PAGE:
Very likely I will never learn a programming language well enough to claim fluency. But the challenge is there before me. And just like learning a natural language, I need to live in it for a time. Fortunately there are plenty of resources ready and waiting.

Python is my first serious programming language (I don’t count the “Hello, World” programs I wrote in GW-BASIC when I was a teenager). Some day maybe I’ll move on to Java or Perl or (shudder) C/C++. I am slowly beginning to grasp the rudiments of the language. I am aided in this by the opportunity to look at, study, modify (if I should wish) and run the source code for a couple of Python-based projects that I follow: Imendio Planner (Gnome Planner, as was) and MoinMoin.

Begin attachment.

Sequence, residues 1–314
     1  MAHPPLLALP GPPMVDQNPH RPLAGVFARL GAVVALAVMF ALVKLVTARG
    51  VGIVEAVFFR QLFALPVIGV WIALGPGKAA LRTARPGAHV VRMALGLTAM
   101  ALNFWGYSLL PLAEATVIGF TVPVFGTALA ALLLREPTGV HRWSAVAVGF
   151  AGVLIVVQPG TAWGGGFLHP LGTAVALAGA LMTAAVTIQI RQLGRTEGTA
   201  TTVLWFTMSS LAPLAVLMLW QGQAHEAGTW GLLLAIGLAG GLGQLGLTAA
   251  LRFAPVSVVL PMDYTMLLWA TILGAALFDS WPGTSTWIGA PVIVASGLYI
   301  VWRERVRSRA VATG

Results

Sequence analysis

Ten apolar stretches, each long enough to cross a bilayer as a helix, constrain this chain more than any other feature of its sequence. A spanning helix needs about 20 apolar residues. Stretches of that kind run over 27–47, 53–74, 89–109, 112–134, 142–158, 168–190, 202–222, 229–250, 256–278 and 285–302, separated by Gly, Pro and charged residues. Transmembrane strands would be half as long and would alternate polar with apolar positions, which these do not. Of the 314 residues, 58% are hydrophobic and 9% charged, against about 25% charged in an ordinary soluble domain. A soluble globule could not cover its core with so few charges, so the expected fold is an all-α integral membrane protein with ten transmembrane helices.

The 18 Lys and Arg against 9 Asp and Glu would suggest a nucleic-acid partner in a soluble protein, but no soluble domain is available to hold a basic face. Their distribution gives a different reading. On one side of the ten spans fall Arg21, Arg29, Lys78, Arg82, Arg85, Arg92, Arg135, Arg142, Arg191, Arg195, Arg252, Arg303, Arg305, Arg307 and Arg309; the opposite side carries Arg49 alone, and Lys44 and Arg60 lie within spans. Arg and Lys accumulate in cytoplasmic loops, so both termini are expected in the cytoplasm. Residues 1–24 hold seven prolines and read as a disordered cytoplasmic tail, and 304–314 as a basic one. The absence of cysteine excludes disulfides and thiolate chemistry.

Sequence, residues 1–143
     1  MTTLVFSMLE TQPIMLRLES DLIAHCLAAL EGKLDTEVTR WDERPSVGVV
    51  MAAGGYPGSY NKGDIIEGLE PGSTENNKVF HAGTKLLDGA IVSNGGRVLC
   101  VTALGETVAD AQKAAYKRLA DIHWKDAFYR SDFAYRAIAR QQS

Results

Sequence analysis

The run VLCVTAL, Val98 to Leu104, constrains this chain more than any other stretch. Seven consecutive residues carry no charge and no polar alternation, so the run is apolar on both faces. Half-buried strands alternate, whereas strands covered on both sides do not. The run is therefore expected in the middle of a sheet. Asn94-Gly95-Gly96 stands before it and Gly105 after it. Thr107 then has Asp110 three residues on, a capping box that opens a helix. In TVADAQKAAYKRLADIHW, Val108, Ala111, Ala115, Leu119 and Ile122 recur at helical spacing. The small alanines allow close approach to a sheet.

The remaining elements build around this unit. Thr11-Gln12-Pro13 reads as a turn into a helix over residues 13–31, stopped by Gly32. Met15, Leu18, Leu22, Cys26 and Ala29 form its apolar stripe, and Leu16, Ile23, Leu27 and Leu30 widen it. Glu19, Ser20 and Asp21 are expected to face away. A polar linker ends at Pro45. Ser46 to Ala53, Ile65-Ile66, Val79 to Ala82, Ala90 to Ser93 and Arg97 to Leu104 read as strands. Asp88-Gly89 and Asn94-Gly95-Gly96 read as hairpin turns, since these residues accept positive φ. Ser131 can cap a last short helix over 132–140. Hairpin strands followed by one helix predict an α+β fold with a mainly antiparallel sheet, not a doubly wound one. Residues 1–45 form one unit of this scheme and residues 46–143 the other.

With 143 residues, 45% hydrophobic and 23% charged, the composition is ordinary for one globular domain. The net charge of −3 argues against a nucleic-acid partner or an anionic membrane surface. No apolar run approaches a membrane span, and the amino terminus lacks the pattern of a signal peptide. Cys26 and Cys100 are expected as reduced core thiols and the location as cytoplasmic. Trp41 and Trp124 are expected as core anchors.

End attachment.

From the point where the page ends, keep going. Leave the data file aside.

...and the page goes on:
No, I’m not ready yet to contribute any code to these projects. I am under no illusions as to my abilities. But I’m learning to read the code that underpins two applications I use in my daily work. And I’m following the discussions on the development mailing lists for them. Some day, in the not too distant future, I may even start modifying my local copies of the code base. I can at least dream of some day making small code contributions to the projects.

Meanwhile, I’m learning something new every day. I hope I live to be a hundred and one.